Fri, Feb 29, 2008 - Page 5 News List

Missile destroys al-Qaeda safehouse

PAKISTANI-AFGHAN BORDER Residents said the missile was fired from a pilotless drone in a pre-dawn raid. A security official said most of the 13 killed were Arabs


A suspected US missile strike destroyed an al-Qaeda and Taliban hideout in a Pakistani tribal area yesterday, killing 13 alleged militants including several Arabs, security officials said.

Residents of Azam Warsak village in South Waziristan said that a house was blown up by a missile fired from a pilotless drone and the loud blast was heard kilometers away in the rugged valley.

US drones have launched several strikes on the Pakistan-Afghanistan border targeting members of Osama bin Laden's network, although Islamabad has never confirmed such attacks due to issues of national sovereignty.

The attack comes a month after bin Laden's No. 3 man, Abu Laith al-Libi, was killed in a missile strike on Jan. 29 in North Waziristan.

"A house used as a den by al-Qaeda and Afghan Taliban militants was hit by a missile. Thirteen people were killed and around 10 were wounded," a senior Pakistani security official said.

"There was no immediate information about the presence of any high-value target," the official said.

A security source based in Peshawar said the missile was fired by a US drone at about 2am.

Another security official said most of the dead were Arabs.

Armed militants cordoned off the site after the missile strike, residents said.

They said that four unidentified "guests" had arrived late on Wednesday at the destroyed house, although their identities were not known.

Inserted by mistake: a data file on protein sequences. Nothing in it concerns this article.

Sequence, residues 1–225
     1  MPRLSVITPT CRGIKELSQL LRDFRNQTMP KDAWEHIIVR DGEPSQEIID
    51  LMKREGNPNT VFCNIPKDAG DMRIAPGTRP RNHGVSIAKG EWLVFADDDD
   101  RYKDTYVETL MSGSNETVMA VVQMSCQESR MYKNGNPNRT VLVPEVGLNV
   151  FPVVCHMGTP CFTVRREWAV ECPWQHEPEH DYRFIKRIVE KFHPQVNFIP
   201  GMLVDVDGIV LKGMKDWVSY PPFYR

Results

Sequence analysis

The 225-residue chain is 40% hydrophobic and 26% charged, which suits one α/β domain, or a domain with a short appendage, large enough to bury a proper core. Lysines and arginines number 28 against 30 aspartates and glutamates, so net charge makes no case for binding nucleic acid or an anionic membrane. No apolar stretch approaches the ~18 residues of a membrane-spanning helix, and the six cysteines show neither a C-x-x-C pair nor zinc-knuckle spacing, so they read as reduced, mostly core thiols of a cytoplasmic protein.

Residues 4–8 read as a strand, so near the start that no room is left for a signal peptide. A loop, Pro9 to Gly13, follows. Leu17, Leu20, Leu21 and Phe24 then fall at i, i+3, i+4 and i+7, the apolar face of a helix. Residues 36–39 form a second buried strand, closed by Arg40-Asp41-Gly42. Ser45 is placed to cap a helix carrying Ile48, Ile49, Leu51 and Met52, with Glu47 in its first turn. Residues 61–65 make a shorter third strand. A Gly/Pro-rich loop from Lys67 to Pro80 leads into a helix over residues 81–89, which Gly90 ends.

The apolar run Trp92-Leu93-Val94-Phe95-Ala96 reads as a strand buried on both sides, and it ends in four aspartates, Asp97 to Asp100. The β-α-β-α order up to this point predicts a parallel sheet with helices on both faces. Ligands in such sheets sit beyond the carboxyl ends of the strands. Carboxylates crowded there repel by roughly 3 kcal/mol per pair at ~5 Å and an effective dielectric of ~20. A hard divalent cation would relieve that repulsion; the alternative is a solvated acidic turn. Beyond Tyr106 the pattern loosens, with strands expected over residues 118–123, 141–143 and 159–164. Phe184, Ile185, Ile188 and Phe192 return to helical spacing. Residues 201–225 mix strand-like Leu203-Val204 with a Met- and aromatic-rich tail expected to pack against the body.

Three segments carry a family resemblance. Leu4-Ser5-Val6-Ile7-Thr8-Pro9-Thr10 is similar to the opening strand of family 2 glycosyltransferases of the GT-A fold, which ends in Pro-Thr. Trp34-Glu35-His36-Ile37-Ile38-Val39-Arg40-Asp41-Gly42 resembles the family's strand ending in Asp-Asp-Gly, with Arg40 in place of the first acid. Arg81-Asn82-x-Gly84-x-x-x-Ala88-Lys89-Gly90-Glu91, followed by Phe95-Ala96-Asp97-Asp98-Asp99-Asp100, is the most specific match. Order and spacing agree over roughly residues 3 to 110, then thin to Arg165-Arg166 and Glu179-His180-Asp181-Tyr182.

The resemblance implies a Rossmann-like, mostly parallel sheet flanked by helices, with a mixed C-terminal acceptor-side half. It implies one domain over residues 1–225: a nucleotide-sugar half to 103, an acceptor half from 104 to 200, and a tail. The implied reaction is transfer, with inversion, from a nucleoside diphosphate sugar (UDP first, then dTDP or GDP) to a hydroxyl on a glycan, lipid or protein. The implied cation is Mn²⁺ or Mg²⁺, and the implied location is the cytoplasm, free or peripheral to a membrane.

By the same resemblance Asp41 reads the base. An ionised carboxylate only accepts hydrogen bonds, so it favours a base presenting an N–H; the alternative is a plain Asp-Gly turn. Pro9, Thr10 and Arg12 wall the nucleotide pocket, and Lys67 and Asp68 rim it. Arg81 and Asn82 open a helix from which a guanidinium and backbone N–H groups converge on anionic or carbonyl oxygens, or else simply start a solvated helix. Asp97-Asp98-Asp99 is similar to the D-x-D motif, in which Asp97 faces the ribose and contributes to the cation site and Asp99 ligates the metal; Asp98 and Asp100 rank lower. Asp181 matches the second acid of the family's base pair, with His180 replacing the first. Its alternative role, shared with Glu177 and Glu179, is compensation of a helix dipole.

South Waziristan is also the base of Baitullah Mehsud, an al-Qaeda-linked warlord accused by Pakistan of masterminding the slaying of former prime minister Benazir Bhutto, but officials said the strike was not in the area he commands.

A spokesman for the US-led coalition force based in Afghanistan said it had "no reports" that either it or the separate NATO-headed force were involved in the strike.

Pakistani forces were not immediately available to comment on the incident.

Amid pressure on President Pervez Musharraf to crack down on al-Qaeda safe havens in Pakistan, the New York Times reported last week that US officials recently reached a "quiet understanding" with him to intensify such strikes.

The new arrangements included attacks by armed Predator drones operating from a secret base inside Pakistan, rather than Afghanistan.

Al-Qaeda No. 2 Ayman Al-Zawahiri vowed to avenge the missile strike that killed al-Libi in a videotape message broadcast on an Islamist Web site on Wednesday.

"No chief of ours has died a natural death. Nor has our blood been spilled without a response," he said in the 10-minute recording posted on the al-Ekhlaas Web site.

Also see: Partnerless in Pakistan: Bush administration losing the plot

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